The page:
DETROIT (AP) — Obama administration officials said Friday that they are sending someone to Detroit to oversee a federal effort that includes millions of dollars in grants to help fix the beleaguered city — a situation one adviser described as "an exceptional circumstance."
Don Graves will coordinate the public and private money going to hire more police and firefighters and clear out blighted neighborhoods, among other things, officials said. Graves, a Treasury Department official, serves as executive director of the President's Council on Jobs and Competitiveness.
But critics said the combined $300 million in federal and private funds falls well short of a wider bailout sought by some in the city facing $18 billion in long-term debt.
Several high-ranking White House officials discussed federal efforts and other opportunities Friday during a closed-door meeting at Wayne State University with Gov. Rick Snyder, state-appointed emergency manager Kevyn Orr, Mayor Dave Bing and community and business leaders.
The $100 million of existing federal funds will be augmented with $200 million more in resources from foundations and businesses.
The funding includes $65 million in Community Development Block Grants for blight eradication, $25 million in a public-private collaboration for commercial building demolition and nearly $11 million in funds to ensure working families can live in safe neighborhoods. Attorney General Eric Holder announced $3 million that, in part, will be used to hire new police officers. About $25 million also will be expedited to Detroit to hire about 140 firefighters and buy new gear.
Officials did not specify when the various grants would be released.
Detroit this summer became the largest U.S. city to file for bankruptcy protection. Federal officials recognized that the prospect of legislation to bail out the city was extremely low, so the Obama administration pored through the federal budget and found untapped money.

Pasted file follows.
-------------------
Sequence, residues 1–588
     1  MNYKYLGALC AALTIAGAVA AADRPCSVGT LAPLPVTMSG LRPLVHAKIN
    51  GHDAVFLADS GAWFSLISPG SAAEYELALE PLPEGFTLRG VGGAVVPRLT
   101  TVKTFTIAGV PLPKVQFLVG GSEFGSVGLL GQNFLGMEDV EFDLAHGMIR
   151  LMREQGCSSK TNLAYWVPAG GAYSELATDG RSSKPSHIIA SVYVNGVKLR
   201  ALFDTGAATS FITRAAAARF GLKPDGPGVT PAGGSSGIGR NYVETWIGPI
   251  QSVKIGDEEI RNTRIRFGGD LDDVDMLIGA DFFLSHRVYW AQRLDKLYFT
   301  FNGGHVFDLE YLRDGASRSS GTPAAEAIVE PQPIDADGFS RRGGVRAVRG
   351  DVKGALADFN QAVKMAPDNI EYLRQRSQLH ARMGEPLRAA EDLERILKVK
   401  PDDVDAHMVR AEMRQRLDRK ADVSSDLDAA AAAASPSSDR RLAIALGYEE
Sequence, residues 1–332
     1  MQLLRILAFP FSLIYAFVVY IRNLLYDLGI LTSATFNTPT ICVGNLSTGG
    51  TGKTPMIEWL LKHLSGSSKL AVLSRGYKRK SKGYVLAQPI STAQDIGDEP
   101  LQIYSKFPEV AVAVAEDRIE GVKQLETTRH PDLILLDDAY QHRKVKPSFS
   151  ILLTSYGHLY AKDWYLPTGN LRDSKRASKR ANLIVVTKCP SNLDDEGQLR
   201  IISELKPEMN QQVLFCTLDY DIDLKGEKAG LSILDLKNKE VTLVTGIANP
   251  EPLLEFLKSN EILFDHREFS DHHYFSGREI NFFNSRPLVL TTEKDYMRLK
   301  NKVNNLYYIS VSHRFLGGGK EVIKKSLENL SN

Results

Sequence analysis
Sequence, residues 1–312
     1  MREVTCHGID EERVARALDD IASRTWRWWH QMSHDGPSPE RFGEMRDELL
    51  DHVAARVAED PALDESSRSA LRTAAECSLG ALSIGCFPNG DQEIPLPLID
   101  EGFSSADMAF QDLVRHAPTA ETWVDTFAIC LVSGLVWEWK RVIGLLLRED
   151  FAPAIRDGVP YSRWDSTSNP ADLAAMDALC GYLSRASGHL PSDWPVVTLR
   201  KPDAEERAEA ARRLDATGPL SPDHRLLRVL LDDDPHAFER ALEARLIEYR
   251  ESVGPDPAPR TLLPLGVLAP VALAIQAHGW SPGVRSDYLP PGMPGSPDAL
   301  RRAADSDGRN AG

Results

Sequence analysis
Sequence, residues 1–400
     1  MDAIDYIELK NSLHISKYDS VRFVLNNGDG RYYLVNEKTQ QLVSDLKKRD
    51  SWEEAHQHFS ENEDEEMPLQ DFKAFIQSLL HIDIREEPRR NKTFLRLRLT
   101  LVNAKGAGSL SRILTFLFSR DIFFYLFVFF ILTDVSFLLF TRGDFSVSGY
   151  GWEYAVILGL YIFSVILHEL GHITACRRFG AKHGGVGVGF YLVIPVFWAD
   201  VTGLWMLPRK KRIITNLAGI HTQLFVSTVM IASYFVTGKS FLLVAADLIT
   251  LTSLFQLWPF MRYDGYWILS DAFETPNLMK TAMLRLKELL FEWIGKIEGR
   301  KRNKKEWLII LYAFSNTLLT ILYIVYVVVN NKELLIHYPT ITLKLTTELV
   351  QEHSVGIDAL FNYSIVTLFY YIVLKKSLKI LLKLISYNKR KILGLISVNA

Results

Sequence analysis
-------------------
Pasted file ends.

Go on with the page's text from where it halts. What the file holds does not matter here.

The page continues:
"We knew this was an exceptional circumstance and it deserved an exceptional response," Gene Sperling, Obama's chief economic adviser to President and a Michigan native, told reporters after the meeting.
"What you see here is just a more expedited and aggressive effort because we want to help the people of Detroit to prosper," he said. "But we also want the rest of the people in the country to understand ... that Detroit, with the right resources and right partnership, has a great future."
Sperling said Snyder, a Republican, was the nation's first governor to seek funds newly earmarked for blight eradication. Snyder also pledged $5 million in new state money toward those efforts.
Snyder said he was grateful to the federal government for its help and "tremendous progress" has been made in certain areas of the city, but "there's much more work to be done."
The gathering Friday follows a series of meetings with the White House to plot ways to pull Detroit from a fiscal pit. Detroit has had a poor record in making sure grant money is used properly and even spent at all, but Sperling and others say city and federal officials were taking steps to ensure that the funds are effectively used.
Associated Press writers Jeff Karoub and Mike Householder contributed to this report.